As an aside? Don’t use the British option on a RIAA recording because that will give the sound a slightly thinner, edgier tone. On the other hand, the American option sounds a little too bass heavy with a RIAA recording. 

Saying that, if you suspect that you have a pre-RIAA recording, from a US or UK pressing plant of the time, give these alternative EQ options a try, you might find that those older recordings make more sense on sonic terms with the British or American toggle switch selected. The settings are worth experimenting with.


As for the CA (Constant Amplitude)/Flat option? Again, don’t use this option for general listening, it’s there if you want to digitise recordings so that you’re only hearing the record’s own characteristics then you can add you own bespoke EQ during the recording, in software. It’s a useful recording tool and one I don’t recall seeing anywhere else, at least on a 2-channel, home HiFi phono amplifier. 


The rear of the chassis offers standard inputs and outputs plus a bank of DIP switches to select one of four loading settings for your cartridge: 75 Ohms; 100 Ohms; 300 Ohms and 500 Ohms.

Finally, I’m not going to repeat Graham Slee’s tech philosophy here because its too wordy and long for this review but I urge you to check out the MC product page for some background on the hows and the whys of this machine. It will give you some useful context. It also explains why the so-called RIAA EQ curve, isn’t a curve at all. Interesting stuff.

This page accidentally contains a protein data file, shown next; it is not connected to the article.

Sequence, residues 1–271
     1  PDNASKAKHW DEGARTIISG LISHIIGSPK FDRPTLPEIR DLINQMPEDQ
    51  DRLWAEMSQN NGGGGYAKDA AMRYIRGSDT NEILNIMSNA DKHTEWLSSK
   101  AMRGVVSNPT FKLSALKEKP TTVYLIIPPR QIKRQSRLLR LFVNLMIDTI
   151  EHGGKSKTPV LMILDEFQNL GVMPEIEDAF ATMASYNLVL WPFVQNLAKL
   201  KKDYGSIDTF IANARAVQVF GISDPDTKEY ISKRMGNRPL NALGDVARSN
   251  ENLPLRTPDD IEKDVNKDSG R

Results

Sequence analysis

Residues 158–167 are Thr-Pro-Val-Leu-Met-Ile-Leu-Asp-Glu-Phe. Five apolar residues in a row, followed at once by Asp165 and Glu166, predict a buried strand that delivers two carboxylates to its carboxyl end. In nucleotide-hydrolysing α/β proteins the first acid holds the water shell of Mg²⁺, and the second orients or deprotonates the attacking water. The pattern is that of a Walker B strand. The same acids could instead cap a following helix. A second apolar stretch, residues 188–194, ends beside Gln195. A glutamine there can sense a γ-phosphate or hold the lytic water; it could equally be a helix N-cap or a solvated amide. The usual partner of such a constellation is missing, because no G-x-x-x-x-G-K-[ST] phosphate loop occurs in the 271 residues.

The unit arrives with a separate power supply which is a great way to reduce the noise floor. The PSU1 arrives as part of the Accession package but I will also be testing the Accession MC with the PSU1 Enigma, which replaces and upgrades the default power supply for an extra £200 (£385 if bought seperately).

For the sound tests, as a reference, I used my trusty Trichord Dino (also UK designed and built), upgraded to around the £1k price point with a separate, Never Connected power supply plus improved Trichord power cable.  


So how does the Accession MC perform? As I still had my vinyl copies of Coldplay’s Viva La Vida and Keely Smith’s That Old Black Magic lying around, so I ran with those.